Press Releases

    8 October 2002


    NEW YORK, 7 October (UN Headquarters) -- Following is the message by Secretary-General Kofi Annan to the seventh session of the Conference of the States Parties to the Chemical Weapons Convention, delivered by Enrique Roman-Morey, Director, Geneva Branch, Department for Disarmament Affairs and Deputy Secretary-General, Conference on Disarmament, at The Hague on 7 October:

    It gives me great pleasure to send my greetings to the seventh session of the Conference of the States Parties to the Chemical Weapons Convention.

    This year marks the fifth anniversary of the entry into force of the Convention. This session provides an opportunity for reflection in advance of the Convention’s first review conference, to be convened from 28 April to 9 May 2003.

    Progress continues to be made in the destruction of declared chemical weapons and in the destruction and conversion of chemical weapons production facilities. The Convention continues to be instrumental in prohibiting the development, production, stockpiling and use of chemical weapons, not least by the adherence of additional countries to it. The Convention now has 146 States parties, and another 19 countries have signed.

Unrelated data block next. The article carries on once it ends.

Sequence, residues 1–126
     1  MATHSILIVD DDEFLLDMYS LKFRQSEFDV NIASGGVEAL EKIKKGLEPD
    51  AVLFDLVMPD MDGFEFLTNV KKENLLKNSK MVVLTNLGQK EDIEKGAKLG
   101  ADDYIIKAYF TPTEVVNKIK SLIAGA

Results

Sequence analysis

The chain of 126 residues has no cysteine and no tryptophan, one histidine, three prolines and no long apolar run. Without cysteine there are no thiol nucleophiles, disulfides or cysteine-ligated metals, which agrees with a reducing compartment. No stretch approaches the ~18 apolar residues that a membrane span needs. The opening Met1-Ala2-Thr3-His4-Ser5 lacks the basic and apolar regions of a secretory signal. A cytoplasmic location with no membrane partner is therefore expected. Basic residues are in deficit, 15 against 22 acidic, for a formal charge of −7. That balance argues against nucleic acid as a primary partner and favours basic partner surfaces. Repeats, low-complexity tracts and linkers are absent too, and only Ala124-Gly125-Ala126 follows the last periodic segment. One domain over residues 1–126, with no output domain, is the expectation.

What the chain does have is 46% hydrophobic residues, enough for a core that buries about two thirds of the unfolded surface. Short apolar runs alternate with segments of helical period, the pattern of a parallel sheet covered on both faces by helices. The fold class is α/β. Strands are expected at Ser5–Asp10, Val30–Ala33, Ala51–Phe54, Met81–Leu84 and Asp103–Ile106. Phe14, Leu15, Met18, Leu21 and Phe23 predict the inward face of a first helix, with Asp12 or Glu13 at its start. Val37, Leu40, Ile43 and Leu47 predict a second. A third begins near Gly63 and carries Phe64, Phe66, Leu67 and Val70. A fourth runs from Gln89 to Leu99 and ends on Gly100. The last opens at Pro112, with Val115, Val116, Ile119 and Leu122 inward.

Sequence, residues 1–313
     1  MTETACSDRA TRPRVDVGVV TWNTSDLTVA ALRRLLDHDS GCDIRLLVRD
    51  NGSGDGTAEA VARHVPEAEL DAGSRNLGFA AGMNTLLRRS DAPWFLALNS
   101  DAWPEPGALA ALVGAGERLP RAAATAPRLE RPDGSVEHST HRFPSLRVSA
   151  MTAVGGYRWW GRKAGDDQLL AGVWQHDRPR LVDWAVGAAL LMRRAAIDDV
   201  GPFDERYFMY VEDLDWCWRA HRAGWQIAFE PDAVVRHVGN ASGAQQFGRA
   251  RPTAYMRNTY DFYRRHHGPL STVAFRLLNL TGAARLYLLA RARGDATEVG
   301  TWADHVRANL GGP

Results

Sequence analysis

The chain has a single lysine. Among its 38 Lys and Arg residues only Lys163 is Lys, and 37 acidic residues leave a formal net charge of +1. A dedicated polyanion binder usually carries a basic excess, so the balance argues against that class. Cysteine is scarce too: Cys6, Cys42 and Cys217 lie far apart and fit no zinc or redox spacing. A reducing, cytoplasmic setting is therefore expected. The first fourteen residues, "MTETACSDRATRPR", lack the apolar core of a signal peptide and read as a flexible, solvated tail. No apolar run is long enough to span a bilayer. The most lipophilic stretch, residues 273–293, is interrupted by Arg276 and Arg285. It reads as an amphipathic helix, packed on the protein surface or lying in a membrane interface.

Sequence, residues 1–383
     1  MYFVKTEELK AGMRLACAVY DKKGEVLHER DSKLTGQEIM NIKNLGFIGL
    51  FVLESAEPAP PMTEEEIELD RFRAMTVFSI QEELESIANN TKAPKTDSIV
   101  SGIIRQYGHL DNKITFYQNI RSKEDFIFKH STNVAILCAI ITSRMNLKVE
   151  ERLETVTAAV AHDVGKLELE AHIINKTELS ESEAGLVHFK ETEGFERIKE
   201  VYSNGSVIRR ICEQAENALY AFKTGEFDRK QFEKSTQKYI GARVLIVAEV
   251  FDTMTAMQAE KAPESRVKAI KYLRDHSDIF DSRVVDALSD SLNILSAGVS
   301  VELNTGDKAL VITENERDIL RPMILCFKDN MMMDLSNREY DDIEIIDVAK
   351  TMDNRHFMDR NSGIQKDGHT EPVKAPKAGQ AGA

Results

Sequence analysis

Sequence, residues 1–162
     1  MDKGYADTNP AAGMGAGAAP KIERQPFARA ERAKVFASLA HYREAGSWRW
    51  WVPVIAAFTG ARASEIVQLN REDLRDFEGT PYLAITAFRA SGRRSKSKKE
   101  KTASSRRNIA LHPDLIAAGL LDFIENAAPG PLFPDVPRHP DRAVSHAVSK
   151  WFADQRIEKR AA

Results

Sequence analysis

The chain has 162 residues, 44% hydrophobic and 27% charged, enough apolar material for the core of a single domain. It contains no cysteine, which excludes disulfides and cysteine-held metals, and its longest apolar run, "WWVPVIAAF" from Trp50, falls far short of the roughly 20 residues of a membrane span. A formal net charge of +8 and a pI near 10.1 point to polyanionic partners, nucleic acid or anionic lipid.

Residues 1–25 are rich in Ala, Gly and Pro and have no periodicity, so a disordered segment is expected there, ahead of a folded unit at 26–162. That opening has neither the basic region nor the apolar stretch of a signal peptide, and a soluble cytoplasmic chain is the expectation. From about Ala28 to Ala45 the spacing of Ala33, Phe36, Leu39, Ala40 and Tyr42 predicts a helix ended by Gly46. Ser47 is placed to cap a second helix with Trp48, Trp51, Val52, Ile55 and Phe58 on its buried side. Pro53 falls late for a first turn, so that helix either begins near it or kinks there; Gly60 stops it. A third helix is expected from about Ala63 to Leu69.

Such progress notwithstanding, vigilance and a renewed commitment to the full implementation of the Chemical Weapons Convention are more necessary than ever. The terrorist acts of 11 September 2001 in the United States raised new alarms and awareness in all of us, as we imagined what would have happened had weapons of mass destruction been used. We must continue to work towards the universality of the Convention, towards the total destruction of chemical weapons stockpiles, and for a world in which cooperation in the peaceful uses of chemistry is fostered. Let me therefore urge those States that have not yet ratified or acceded to the Convention to do so without delay.

    Let me also urge States parties to continue to extend their full cooperation to the work of the Organization for the Prohibition of Chemical Weapons (OPCW), not least by providing it with the necessary resources for its effective functioning. I also wish to extend my strong support for the OPCW under the able leadership of Director-General Rogelio Pfirter.

    In a world of complex challenges to international peace and security, the Chemical Weapons Convention has a unique and important role to play. I wish you all a productive session as you discuss how best to fulfil that vital mandate.

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